means for controlling the operation of the sucking means, the detecting means and the moving means such that the sucking means retains the air bubble while the sucking means is moved toward the second liquid layer and the detecting means is operative and such that the sucking means sucks the liquid of the first liquid layer while the sucking means is moved through the first liquid layer based on at least one position of the sucking means at a time point when at least one pressure change was detected.
14. The apparatus according to claim 13, wherein the pressure change detecting means comprises means for detecting a first pressure change that occurs when the sucking means enters the first liquid layer from outside of the first liquid layer, and a second pressure change that occurs when the air bubble retained by the sucking means reaches the second liquid layer from the first liquid layer, and wherein the moving means comprises means for moving the sucking means from a first position that approximately corresponds to a time point when the first pressure change was detected to a second position that approximately corresponds to a time point when the second pressure change was detected during a period when the sucking means sucks the liquid of the first liquid layer.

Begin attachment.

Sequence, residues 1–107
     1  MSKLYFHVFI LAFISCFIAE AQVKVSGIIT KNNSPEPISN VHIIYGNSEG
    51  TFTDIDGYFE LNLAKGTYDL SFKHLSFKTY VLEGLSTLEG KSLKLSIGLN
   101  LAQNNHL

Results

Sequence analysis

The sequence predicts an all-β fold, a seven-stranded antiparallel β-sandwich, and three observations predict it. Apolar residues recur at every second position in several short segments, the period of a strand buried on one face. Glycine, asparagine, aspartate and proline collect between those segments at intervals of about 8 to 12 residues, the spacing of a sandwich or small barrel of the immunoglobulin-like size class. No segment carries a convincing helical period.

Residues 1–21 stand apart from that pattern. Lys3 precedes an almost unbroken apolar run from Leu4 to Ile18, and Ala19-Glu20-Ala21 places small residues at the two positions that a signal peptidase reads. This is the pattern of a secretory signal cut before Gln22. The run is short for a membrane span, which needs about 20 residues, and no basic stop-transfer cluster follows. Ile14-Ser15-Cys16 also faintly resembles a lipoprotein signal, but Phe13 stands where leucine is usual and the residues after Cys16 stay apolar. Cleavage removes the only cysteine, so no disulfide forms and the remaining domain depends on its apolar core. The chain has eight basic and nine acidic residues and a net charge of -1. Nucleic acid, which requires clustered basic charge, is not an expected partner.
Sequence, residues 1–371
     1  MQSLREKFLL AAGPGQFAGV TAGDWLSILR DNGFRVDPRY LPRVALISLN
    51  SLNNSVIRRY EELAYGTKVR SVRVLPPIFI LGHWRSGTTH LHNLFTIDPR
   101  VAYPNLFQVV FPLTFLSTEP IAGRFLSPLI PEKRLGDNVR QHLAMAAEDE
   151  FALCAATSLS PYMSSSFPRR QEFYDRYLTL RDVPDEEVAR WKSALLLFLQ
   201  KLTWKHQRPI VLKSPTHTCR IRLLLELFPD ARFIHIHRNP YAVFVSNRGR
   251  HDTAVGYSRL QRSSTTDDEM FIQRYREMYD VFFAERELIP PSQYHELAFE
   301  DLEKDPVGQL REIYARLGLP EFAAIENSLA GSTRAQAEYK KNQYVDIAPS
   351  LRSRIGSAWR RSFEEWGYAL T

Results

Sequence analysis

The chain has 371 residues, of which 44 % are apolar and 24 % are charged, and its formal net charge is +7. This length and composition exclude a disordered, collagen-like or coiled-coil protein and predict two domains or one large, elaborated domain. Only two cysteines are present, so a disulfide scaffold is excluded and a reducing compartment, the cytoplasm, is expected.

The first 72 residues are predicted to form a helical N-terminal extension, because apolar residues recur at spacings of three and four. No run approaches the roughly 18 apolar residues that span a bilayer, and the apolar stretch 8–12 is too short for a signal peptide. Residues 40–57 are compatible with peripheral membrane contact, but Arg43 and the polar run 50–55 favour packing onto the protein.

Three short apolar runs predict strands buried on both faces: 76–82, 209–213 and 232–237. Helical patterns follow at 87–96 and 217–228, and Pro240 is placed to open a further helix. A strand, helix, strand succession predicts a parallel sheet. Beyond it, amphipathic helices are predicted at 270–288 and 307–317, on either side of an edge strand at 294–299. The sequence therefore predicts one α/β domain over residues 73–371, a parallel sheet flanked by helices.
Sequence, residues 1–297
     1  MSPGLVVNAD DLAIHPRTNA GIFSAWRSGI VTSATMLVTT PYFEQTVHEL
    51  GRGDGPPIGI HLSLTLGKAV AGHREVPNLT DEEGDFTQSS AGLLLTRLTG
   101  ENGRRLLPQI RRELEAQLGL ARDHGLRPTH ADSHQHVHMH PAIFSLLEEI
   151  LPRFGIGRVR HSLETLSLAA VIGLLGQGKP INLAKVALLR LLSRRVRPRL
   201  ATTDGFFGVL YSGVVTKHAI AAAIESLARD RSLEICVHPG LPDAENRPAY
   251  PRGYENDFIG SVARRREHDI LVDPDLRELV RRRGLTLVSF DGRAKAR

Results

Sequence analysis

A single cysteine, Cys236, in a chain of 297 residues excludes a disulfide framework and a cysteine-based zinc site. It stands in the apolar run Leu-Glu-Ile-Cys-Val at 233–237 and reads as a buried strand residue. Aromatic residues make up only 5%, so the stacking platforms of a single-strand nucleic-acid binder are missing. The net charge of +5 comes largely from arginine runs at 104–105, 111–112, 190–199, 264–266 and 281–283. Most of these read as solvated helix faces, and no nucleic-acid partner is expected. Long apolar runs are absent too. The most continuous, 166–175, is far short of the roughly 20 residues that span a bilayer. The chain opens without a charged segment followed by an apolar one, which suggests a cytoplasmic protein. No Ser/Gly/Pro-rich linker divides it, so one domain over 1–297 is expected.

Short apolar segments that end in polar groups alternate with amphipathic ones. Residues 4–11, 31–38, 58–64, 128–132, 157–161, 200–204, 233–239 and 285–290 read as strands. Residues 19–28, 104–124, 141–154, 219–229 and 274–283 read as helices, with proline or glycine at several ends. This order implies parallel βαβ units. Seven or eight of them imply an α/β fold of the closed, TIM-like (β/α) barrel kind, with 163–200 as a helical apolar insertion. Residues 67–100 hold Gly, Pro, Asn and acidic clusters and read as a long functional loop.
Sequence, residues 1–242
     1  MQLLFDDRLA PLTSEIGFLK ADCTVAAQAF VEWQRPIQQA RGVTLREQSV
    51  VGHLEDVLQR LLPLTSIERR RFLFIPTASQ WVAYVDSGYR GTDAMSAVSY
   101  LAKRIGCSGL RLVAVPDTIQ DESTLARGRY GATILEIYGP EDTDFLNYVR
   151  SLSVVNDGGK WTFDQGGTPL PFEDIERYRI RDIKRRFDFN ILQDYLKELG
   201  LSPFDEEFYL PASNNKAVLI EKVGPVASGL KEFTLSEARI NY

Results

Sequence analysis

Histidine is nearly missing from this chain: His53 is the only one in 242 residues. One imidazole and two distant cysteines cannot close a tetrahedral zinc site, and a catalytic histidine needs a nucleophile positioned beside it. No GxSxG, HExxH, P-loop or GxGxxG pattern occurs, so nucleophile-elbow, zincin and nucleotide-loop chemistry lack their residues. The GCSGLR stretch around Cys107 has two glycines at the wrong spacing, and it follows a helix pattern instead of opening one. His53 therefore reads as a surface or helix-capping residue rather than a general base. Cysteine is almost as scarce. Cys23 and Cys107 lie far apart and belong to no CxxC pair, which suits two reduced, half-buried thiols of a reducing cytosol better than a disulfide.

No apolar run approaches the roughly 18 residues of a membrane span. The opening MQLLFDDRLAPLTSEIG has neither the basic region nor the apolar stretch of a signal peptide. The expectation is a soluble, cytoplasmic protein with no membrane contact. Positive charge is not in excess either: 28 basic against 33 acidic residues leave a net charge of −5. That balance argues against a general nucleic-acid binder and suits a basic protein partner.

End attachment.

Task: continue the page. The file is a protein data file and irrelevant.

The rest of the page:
15. The apparatus according to claim 13, wherein the sucking means comprises means for generating the air bubble at a tip of the sucking means.
16. The apparatus according to claim 13, wherein the sucking means comprises a tube and means for controlling a pressure within the tube.
Description
BACKGROUND OF THE INVENTION

The present invention relates to a liquid boundary detecting method and apparatus and a liquid removing method and apparatus which are used in removing a first liquid layer from a liquid, such as blood, that is separated into at least the first liquid and a second liquid layer.

It is sometimes necessary to separate an object liquid such as a body liquid, for instance, blood into a first liquid layer and a second liquid layer, and to remove the first liquid layer (supernatant liquid), i.e., serum from the second liquid layer.

To do this, a blood object is placed in a container and, for instance, centrifuged into a first liquid layer and a second liquid layer (two-layer state) that exist in the container. The first liquid layer is an upper liquid layer and the second liquid layer is a lower liquid layer.

Conventionally, to remove the upper liquid layer from the lower liquid layer by sucking up the former, an operator sucks up the upper liquid layer with a syringe or the like while watching the region of the upper liquid layer.